For XA START, the JOIN and RESUME clauses are not supported.

For XA END, the SUSPEND [FOR MIGRATE] clause is not supported.

The requirement that the bqual part of the xid value be different for each XA transaction within a global transaction is a limitation of the current MySQL XA implementation. It is not part of the XA specification.

If an XA transaction has reached the PREPARED state and the MySQL server is killed (for example, with kill -9 on Unix) or shuts down abnormally, the transaction can be continued after the server restarts. However, if the client reconnects and commits the transaction, the transaction will be absent from the binary log even though it has been committed. This means the data and the binary log have gone out of synchrony. An implication is that XA cannot be used safely together with replication.

It is possible that the server will roll back a pending XA transaction, even one that has reached the PREPARED state. This happens if a client connection terminates and the server continues to run, or if clients are connected and the server shuts down gracefully. (In the latter case, the server marks each connection to be terminated, and then rolls back the PREPARED XA transaction associated with it.) It should be possible to commit or roll back a PREPARED XA transaction, but this cannot be done without changes to the binary logging mechanism.

E.6. Restrictions on Character Sets

  • Identifiers are stored in mysql database tables (user, db, and so forth) using utf8, but identifiers can contain only characters in the Basic Multilingual Plane (BMP). Supplementary characters are not permitted in identifiers.

  • The ucs2 character sets has the following restrictions:

    • It cannot be used as a client character set, which means that it does not work for SET NAMES or SET CHARACTER SET. (See Section 10.1.4, “Connection Character Sets and Collations”.)

    • It is currently not possible to use LOAD DATA INFILE to load data files that use this character set.

    • FULLTEXT indexes cannot be created on a column that this character set. However, you can perform IN BOOLEAN MODE searches on the column without an index.

    • The use of ENCRYPT() with this character set is not recommended because the underlying system call expects a string terminated by a zero byte.

  • The REGEXP and RLIKE operators work in byte-wise fashion, so they are not multi-byte safe and may produce unexpected results with multi-byte character sets. In addition, these operators compare characters by their byte values and accented characters may not compare as equal even if a given collation treats them as equal.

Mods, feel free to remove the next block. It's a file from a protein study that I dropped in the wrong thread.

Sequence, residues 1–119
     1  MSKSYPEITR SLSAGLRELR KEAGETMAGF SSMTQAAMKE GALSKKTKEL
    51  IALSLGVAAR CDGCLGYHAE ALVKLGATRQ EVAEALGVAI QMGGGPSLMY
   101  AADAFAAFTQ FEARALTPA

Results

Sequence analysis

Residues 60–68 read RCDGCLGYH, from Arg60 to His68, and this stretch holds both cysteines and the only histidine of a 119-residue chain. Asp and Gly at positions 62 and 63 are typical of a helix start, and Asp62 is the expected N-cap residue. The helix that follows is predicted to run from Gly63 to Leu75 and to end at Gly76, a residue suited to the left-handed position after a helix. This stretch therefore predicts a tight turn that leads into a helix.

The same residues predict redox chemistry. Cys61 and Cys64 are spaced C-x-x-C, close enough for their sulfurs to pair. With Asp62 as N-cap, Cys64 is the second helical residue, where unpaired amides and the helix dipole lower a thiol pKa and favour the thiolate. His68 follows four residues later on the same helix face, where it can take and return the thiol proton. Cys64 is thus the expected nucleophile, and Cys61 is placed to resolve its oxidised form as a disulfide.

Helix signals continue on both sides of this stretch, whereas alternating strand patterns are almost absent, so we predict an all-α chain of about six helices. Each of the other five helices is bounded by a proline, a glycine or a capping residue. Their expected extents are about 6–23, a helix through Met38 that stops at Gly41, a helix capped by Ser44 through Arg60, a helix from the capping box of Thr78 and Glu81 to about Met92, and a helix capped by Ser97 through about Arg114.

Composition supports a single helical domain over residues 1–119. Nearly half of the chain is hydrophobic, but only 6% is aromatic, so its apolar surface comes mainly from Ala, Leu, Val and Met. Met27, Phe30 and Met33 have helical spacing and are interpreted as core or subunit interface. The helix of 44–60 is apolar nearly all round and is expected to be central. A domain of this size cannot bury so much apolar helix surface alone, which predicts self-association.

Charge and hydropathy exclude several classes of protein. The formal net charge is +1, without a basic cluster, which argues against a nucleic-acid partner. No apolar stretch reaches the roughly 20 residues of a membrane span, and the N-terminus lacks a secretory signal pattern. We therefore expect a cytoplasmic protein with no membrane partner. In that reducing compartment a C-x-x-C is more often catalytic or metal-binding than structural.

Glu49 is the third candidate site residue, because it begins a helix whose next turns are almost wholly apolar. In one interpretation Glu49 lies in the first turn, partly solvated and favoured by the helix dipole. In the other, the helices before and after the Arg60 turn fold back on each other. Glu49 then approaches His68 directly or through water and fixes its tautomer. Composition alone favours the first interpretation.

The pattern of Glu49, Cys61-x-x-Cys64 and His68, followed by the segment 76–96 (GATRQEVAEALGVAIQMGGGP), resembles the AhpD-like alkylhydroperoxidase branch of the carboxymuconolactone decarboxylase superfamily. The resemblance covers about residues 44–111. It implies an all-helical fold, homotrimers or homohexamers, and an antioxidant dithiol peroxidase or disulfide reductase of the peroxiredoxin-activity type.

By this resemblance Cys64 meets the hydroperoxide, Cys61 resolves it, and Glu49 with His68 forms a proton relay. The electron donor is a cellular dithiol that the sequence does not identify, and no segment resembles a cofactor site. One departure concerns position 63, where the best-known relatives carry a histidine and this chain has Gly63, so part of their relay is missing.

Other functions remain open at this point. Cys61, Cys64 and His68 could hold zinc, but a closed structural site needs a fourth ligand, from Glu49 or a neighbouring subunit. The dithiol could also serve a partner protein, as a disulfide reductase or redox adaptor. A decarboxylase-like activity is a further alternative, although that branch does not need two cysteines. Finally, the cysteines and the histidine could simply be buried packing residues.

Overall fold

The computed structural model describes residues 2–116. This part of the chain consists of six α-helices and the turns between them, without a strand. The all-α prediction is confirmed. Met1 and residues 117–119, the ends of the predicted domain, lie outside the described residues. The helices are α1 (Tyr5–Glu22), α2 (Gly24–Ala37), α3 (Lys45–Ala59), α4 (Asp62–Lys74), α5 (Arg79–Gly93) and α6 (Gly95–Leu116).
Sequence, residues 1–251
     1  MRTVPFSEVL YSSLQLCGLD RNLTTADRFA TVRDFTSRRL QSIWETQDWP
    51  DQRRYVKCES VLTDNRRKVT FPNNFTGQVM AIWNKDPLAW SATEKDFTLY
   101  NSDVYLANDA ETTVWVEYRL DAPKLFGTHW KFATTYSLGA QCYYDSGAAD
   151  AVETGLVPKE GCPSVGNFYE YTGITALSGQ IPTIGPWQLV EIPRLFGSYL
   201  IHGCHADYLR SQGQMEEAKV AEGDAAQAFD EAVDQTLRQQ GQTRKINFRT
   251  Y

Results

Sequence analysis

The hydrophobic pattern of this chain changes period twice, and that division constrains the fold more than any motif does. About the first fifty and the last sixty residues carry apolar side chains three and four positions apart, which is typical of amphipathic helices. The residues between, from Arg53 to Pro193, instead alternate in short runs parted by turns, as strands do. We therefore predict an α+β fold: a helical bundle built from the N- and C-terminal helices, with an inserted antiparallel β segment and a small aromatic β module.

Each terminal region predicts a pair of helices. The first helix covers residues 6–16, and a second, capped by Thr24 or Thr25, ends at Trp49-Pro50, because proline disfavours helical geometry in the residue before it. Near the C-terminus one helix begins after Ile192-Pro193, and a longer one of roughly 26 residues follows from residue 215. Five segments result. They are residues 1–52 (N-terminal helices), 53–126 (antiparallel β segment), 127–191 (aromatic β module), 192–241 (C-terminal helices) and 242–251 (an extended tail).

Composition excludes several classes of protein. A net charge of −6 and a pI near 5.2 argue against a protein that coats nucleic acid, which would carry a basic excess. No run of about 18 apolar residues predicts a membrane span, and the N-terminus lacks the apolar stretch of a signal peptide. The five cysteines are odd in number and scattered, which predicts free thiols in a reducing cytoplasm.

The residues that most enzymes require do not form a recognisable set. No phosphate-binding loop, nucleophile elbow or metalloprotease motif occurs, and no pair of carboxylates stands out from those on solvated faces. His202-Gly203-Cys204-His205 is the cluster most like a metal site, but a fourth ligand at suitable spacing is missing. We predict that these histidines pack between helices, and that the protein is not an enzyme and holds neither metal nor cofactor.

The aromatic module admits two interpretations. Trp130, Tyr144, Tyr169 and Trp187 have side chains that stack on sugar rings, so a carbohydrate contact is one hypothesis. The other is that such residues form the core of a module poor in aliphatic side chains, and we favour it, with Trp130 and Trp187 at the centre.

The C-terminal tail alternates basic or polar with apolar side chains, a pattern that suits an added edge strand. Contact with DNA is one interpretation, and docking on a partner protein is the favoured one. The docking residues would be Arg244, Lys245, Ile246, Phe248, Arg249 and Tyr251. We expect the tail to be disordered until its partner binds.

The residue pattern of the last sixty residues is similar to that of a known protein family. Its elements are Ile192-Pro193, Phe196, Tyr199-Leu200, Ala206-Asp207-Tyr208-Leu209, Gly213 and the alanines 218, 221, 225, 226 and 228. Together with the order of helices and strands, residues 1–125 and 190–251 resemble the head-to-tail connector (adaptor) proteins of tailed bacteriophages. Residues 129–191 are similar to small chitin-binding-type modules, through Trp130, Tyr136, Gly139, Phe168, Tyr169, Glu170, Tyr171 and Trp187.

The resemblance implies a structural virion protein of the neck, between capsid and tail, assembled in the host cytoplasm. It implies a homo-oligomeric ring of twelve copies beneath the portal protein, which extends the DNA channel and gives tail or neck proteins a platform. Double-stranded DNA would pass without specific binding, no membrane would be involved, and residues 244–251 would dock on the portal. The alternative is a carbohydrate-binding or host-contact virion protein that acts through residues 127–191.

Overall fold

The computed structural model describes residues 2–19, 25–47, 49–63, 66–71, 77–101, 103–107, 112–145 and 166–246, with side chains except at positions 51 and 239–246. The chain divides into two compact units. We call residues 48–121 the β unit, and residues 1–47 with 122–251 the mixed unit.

E.7. Limits in MySQL

This section lists current limits in MySQL 5.1.

E.7.1. Limits of Joins

The maximum number of tables that can be referenced in a single join is 61. This also applies to the number of tables that can be referenced in the definition of a view.

E.7.2. Limits on Number of Databases and Tables

MySQL has no limit on the number of databases. The underlying file system may have a limit on the number of directories.

MySQL has no limit on the number of tables. The underlying file system may have a limit on the number of files that represent tables. Individual storage engines may impose engine-specific constraints. InnoDB permits up to 4 billion tables.

E.7.3. Limits on Table Size

The effective maximum table size for MySQL databases is usually determined by operating system constraints on file sizes, not by MySQL internal limits. The following table lists some examples of operating system file-size limits. This is only a rough guide and is not intended to be definitive. For the most up-to-date information, be sure to check the documentation specific to your operating system.

Operating SystemFile-size Limit
Win32 w/ FAT/FAT322GB/4GB
Win32 w/ NTFS2TB (possibly larger)
Linux 2.2-Intel 32-bit2GB (LFS: 4GB)
Linux 2.4+(using ext3 file system) 4TB
Solaris 9/1016TB
Mac OS X w/ HFS+2TB
NetWare w/NSS file system8TB

Windows users, please note that FAT and VFAT (FAT32) are not considered suitable for production use with MySQL. Use NTFS instead.

On Linux 2.2, you can get MyISAM tables larger than 2GB in size by using the Large File Support (LFS) patch for the ext2 file system. Most current Linux distributions are based on kernel 2.4 or higher and include all the required LFS patches. On Linux 2.4, patches also exist for ReiserFS to get support for big files (up to 2TB). With JFS and XFS, petabyte and larger files are possible on Linux.

For a detailed overview about LFS in Linux, have a look at Andreas Jaeger's Large File Support in Linux page at http://www.suse.de/~aj/linux_lfs.html.